This is a real eye-opener for anyone who lifts weights.
Chris Bell’s documentary focuses on steroid use in sports, as well as his own experience, along with his two brothers Mark and Mike.
My Notes on Bigger, Stronger, Faster (spoilers)
- Mark “Smelly” Bell, Mike “Mad Dog” Bell and Chris Bell (Director) are three brothers.
- All three started weight training around the same time.
- Mad Dog played American Football, Smelly and Chris went into Powerlifting.
- Chris was one of the strongest kids in the country, and made the decision to move to Golds Gym and train.
- Mad Dog talks about the prevalence of steroids in D1 football (tier below NFL).
- Mad Dog quits football to pursue Wrestling career.
- Smelly (present day owner of Super Training Gym – also check his Youtube) did some Football and Wrestling too, but gave up for birth of son.
- They discuss the prevalence of steroids in Baseball, Olympic Weightlifting and Track & Field Sprinting.
- Chris speaks about how steroids are portrayed in media & film.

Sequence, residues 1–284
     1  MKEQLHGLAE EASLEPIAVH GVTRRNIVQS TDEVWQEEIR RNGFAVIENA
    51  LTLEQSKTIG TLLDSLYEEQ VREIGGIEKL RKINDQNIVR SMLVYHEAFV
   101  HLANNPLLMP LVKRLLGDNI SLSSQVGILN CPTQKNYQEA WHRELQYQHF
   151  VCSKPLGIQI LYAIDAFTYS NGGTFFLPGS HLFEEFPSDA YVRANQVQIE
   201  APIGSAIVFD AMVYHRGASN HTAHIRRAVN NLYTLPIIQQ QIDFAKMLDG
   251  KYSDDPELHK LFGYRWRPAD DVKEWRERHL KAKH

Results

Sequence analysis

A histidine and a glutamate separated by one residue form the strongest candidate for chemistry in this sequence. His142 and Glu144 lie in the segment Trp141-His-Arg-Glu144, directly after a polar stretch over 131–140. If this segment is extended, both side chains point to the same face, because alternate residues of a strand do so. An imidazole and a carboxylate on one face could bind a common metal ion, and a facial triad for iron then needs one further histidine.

- Interview with Greg Valentino, who has the world’s biggest biceps. Followed by a chat with Stan Lee (Marvel Comics).
- They visit Louie Simmons & Westside Barbell.
- Chris has a conversation with Floyd Landis (Tour de France winner) before meeting Ben Johnson (100m).
- Chris talks to his Congressman about steroids.
- Chris visits a man whose son committed suicide having been on steroids (taylorhooton.org)
- There’s a talk with a psychiatrist about modern man’s obsession with muscles and six pack abs.
- Discussion with a Fitness Model about weights and steroids, who mentions all the fraud and deception in the supplement industry.
- Chris makes and produces his own supplement legally since they don’t have to be FDA approved.
- He uses his own body and Photoshop to produce a before & after ad on the same day.
Here’s the “Before” and “After” photoshop job done for Chris’s fake supplement brand. As you see in the documentary, these pictures are taken in the same day and manipulated on the computer.
This is a great documentary and should be of interest to everyone who lifts weights. The high prevalence of steroids, particularly in lower level sport, means it’s not a level playing field for clean athletes. I give this a hearty 9.5/10 as it’s one of my favourite films!